- U.S.: “’Oh, is that your suit?’ I said. ‘This is the first I ever heard about it.’…” p.35
- U.K.: ‘…”Oh, is that your suit?” I said. “This is the first I ever heard about it.”…’ p.41
Also, in American English commas and periods are always inside closing quotation marks, whereas the British may place them either inside or outside, depending whether they were part of the text quoted, as can be seen from the following examples:
- U.S.: “I think he killed a man,” and… p.49
- U.K.: ‘I think he killed a man’, and… p.55
In general, the British version had more commas than the American one, as can be seen in the table below.
The use of commas 1
|The American Version
||The British Version
|broke off ceasing to compel my attention
||broke off, ceasing to compel my attention
|days under sun and rain
||days, under sun and rain
|afternoon and when
||afternoon, and when
|went toward the little office mingling immediately
||went toward the little office, mingling immediately
|discussing in impassioned voices whether
||discussing, in impassioned voices, whether
There were, however, occasions when the person “translating” the novel from American to British English has removed commas instead of adding them:
The use of commas 2
|The American Version
||The British Version
|the evening, too, would be over
||the evening too would be over
|introduced himself, a butler
||introduced himself a butler
|tongue, and, moreover, you
||tongue and, moreover, you
- C. Phonological differences
American English differs from British English in the field of pronunciation also. The first difference is concerned with the vowel sound. In such words as “grass”, “dance” and “fast”. In British English all these words are spoken with the vowel / a: / but in American English they are spoken with the vowel /x /.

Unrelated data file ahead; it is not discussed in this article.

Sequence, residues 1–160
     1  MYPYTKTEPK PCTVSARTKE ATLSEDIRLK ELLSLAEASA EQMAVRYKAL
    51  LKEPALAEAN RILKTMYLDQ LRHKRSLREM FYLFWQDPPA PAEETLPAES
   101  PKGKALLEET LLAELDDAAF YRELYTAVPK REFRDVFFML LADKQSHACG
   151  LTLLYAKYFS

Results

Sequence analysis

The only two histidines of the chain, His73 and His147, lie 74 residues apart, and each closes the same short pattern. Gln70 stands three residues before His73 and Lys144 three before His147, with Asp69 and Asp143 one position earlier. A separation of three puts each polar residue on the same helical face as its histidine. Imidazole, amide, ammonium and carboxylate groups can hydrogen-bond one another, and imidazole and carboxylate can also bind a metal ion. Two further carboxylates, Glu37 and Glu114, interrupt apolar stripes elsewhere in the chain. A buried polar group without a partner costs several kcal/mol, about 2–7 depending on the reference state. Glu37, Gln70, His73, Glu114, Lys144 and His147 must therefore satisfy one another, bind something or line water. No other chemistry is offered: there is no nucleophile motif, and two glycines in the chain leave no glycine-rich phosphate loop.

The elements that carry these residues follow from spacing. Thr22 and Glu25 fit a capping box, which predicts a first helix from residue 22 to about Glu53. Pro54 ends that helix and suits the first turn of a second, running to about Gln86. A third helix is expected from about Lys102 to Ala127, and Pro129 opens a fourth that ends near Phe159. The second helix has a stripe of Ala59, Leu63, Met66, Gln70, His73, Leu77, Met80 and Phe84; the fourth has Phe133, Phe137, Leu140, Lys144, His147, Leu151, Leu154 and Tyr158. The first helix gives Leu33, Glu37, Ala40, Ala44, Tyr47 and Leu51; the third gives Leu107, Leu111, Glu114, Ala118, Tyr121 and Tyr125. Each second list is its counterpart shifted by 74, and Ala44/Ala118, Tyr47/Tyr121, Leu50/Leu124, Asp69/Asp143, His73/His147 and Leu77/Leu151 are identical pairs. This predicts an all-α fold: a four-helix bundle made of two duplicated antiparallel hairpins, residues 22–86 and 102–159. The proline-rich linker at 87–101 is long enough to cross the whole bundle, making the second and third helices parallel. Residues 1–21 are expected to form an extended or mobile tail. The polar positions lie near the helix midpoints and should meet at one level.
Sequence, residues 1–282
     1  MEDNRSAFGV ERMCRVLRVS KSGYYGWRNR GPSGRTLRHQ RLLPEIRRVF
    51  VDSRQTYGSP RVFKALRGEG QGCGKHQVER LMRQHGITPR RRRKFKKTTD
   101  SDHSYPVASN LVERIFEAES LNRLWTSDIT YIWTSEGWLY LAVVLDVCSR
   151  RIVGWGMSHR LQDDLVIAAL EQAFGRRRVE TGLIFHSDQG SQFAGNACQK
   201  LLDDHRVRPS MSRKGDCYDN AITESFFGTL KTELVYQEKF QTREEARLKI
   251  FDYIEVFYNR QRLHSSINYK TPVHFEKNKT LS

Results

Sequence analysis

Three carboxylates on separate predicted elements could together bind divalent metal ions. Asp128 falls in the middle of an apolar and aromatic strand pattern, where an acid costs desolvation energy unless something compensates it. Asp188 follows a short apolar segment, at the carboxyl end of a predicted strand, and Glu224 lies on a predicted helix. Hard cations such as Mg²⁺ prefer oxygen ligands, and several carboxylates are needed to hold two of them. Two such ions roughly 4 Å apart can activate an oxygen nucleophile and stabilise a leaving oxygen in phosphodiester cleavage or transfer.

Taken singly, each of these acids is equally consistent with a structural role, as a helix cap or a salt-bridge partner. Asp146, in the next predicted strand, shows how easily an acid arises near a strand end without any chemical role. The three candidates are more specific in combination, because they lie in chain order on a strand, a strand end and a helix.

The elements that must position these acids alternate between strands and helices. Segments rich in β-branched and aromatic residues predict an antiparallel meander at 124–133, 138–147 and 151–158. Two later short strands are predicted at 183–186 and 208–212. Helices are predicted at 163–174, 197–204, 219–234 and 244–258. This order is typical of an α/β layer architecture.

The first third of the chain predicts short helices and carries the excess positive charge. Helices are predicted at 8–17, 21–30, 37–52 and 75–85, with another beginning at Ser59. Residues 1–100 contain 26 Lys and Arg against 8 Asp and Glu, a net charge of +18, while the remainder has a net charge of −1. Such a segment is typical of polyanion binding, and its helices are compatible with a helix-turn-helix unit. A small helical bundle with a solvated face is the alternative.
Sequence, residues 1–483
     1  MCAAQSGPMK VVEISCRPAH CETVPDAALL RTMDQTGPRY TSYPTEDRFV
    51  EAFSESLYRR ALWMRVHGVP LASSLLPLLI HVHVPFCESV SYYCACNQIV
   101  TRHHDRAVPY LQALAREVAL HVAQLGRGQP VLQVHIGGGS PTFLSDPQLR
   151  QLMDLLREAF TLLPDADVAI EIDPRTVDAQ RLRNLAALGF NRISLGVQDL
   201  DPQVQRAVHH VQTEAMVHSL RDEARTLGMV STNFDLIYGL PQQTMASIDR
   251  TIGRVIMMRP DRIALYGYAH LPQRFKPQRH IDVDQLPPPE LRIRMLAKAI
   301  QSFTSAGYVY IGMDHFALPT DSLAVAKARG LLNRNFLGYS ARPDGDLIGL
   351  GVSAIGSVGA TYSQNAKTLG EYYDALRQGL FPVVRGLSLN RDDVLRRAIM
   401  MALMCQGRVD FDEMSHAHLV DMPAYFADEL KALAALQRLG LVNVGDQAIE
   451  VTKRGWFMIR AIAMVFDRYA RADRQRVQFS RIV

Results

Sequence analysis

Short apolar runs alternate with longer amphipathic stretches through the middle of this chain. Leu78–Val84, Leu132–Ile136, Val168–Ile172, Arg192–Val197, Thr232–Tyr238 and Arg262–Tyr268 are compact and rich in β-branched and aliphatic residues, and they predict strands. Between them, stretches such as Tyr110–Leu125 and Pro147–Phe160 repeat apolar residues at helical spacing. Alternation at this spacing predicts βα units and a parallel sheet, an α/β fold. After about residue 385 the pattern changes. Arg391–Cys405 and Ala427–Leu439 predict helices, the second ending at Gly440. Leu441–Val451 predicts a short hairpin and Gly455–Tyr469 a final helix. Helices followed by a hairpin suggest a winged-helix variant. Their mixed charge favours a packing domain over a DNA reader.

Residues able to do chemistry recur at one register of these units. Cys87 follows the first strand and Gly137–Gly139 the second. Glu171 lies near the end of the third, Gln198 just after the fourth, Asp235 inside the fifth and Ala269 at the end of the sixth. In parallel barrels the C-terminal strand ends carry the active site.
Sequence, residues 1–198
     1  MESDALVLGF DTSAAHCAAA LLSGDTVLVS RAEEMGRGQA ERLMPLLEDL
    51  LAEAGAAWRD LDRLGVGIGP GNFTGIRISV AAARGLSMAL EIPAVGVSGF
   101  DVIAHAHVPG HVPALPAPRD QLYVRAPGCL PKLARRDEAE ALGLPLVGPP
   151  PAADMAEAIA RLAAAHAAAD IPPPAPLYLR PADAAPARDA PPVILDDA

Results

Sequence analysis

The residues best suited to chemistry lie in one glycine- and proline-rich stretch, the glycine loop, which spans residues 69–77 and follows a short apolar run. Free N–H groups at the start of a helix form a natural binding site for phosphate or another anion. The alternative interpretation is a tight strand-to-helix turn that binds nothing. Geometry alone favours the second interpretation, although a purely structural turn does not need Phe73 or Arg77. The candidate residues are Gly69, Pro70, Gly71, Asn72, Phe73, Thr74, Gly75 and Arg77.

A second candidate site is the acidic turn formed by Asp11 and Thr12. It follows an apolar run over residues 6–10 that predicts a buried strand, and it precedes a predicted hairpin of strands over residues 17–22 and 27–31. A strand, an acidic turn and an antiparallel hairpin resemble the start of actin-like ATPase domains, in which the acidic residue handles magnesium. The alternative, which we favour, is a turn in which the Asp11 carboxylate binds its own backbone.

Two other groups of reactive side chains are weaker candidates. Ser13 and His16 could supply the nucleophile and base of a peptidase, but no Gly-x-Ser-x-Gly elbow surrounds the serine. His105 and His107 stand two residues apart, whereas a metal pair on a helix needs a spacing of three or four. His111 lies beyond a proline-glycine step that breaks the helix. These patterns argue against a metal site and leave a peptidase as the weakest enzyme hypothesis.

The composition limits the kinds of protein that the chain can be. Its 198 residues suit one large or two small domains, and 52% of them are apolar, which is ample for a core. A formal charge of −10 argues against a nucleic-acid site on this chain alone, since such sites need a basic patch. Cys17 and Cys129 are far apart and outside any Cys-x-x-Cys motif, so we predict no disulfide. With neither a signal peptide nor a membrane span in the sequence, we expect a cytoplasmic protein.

The second difference of pronunciation is concerned with the consonant / r /. In British English /r/ is pronounced only before a vowel. An Englishman will not pronounce in the words like “farm, lord, and door. But in American English /r/ is pronounced in all position.
The third difference of pronunciation is noticed in stress or accent and intonation. In American English both word stress and sentence stress are weaker than in British English. Similarly intonation in American English is more leveled as consequently American conversation is more monotonous than British English. The differences for instance between American English and British English intonation of question, calling for an answer of Yes or No.
Am. English – Did it all happen yesterday?
Br. English – Did it all happen yesterday
The rhythm of general American English speech shows characteristics of its own connected with the treatment of unstressed and secondarily stressed syllables. A more even distribution of conspicuous syllables reflects an older pronunciation of many polysyllabic words.
Another point of pronunciation difference between the two varieties of English is found in the utterance of syllables. The American pronounce the unstressed syllables with greater clearness as compared to the English for ex.- they will pronounce the necessary as / / rather pronouncing it is
/ / , dictionary – / / as / /,
Oratory – / / as / /.
Thus there are certain differences between American English and British English as far as pronunciation is concerned. The differences make American English slower in pronunciation and also give it a nasal effect.
- D. Spelling differences
There are many spelling differences between the two varieties in the field of spelling is notable. These differences are made by Noah Webster.
1) There are words without the “u” in British English. Such words are:
In American English are words with “er” instead of “re” of British English.
2) Certain words are spelled with an “s” replaced by “c”.
3) There are certain modern technical words in American English and British English.
4) In British English are some words use single “L” and the American English some words use double “LL”.
“Same pronunciation, but different spelling”
||Elimination of “u”
||“y” becomes “i”
||“e” becomes “a”
||“e” and “r” switch places
In this way, American English has its own peculiarities or features which differentiate it from British English that is syntactic, pronunciation, spellings and vocabulary. But there are remarkable differences between the two. They are national verities of English. Many old usages of English of 17 century have been survived in standard American English. New words also are added.